“It is what it is.” or “The universe is already perfect.” or “Everything happens for a reason.” can all function as excellent justifications for never doing much of anything and never really examining one’s behavior. I’m not commenting on the truth or un-truth of the above statements. I’m just saying that if you’re consistently hours late for appointments, if you frequently neglect your close personal relationships, and your roommates can’t count on you to pay rent, you might want to stop telling yourself, “Whatever man, reality is an illusion anyway.” and start becoming someone others can depend on.

In a similar vein, it’s surprisingly easy to deceive yourself into thinking that anytime someone has a problem with your behavior, it’s because that person “isn’t honoring my truth” or “just needs to grow spiritually.” It’s much more difficult to acknowledge the moments in which we act brashly, selfishly, or thoughtlessly and inflict suffering upon someone else. It’s much more difficult to admit that we too are far from perfect, and that growth and learning are never-ending processes.

3. Adopt new hobbies, interests, and beliefs simply because they’re the latest “spiritual” fad.

Human beings want to fit in somewhere. We all have a deep need to feel that we belong. And we form groups of all kinds to satiate this need. Spirituality is one interest area around which people form all sorts of groups. This is potentially a great thing, but it also has a shadow aspect.

For many people, “spirituality” is little more than a hip thing that a lot of people seem to care about. These people get the idea that they want to jump on the spiritual bandwagon, so they start practicing yoga, wearing New Age fashion items, going to music festivals, drinking ayahuasca, etc., and they tell themselves that this makes them “spiritual.” These “spiritual scenesters” dilute the significance of genuine spiritual inquiry, contemplation, experience, and realization. They also, in my experience, tend to be the “spiritual” people who are using “spirituality” as a reason to feel superior to others.

4. Judge others for expressing anger or other strong emotions, even when it’s necessary to do so.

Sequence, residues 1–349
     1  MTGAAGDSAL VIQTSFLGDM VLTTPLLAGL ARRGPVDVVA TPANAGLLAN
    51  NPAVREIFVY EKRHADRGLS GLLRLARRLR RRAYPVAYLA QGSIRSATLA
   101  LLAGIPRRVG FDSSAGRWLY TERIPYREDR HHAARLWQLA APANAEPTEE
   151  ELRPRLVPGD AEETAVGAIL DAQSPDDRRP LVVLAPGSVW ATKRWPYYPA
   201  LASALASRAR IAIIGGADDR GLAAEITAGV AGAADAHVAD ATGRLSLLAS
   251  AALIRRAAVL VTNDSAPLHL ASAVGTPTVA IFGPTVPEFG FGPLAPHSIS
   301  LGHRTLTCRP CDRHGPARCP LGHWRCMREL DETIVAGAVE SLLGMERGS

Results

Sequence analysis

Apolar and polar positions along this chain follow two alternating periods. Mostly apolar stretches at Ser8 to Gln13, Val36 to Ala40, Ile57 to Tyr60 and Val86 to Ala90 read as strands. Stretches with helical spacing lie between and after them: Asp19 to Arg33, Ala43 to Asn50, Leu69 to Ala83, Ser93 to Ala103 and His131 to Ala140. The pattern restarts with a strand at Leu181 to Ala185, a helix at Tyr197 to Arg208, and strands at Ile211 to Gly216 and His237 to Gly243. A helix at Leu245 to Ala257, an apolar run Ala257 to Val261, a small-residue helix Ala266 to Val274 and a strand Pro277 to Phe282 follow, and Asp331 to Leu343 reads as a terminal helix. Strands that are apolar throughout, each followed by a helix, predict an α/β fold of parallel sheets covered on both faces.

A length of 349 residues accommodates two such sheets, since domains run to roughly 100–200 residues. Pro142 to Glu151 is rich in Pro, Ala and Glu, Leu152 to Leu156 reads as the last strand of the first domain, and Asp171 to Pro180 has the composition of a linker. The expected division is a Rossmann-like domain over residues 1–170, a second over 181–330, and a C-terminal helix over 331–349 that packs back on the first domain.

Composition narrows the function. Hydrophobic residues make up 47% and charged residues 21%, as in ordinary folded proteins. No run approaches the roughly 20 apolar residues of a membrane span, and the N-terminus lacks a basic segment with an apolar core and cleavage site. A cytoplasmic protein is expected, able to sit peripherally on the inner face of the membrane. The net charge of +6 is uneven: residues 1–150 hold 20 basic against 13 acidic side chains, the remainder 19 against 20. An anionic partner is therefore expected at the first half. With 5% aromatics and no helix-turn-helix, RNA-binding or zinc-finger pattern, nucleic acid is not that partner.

This is one of the first patterns I noticed in myself after being introduced to spiritual bypassing. I realized that when people became upset or angry with me, my response was to say things like, “Getting angry doesn’t help anything.” or “I feel we would have fewer problems if we could remain calm.” Internally, I would silently judge the other person, thinking, “If only they were more enlightened, we could avoid this drama.” In many situations, this was my way of avoiding deep issues that needed to be addressed.

When you become interested in spirituality, one of the first quotes you’re likely to encounter is: “Holding on to anger is like grasping a hot coal with the intent of harming another; you are the one who ends up getting burned.”

This quote is commonly mis-attributed to the Buddha, though it’s actually a paraphrase of a statement made by Buddhaghosa in the 5th century. The subtle point of the quote is that we shouldn’t hold on to anger; we should feel it, express it if necessary, then let it go. However, it’s very easy for the lay person to assume that this means that anger, in any form, is a sign that one is unwise, un-spiritual. This is untrue. Anger is a natural human emotion and a perfectly justifiable response to many situations. Often, anger is an indicator that there are serious issues that need to be countenanced within oneself or one’s relationships.

Ironically, many spiritual people repress all “non-spiritual” emotions and artificially heighten “spiritual” emotions/traits such as compassion, kindness, and equanimity. This leads to inauthenticity. One struggles to constantly present oneself as calm, gentle, nice, and in a state of perpetual peace, and ultimately ends up looking and feeling like a fraud.

5. Use “spirituality” as a justification for excessive drug use.

A lot of people, myself included, believe that psychedelic drugs can occasion mystical experiences and enhance (secular) spirituality. That’s all fine and good, but some people take this realization too far, using it as a way to rationalize self-destructive patterns of drug use and to blind themselves to the dark sides of various substances.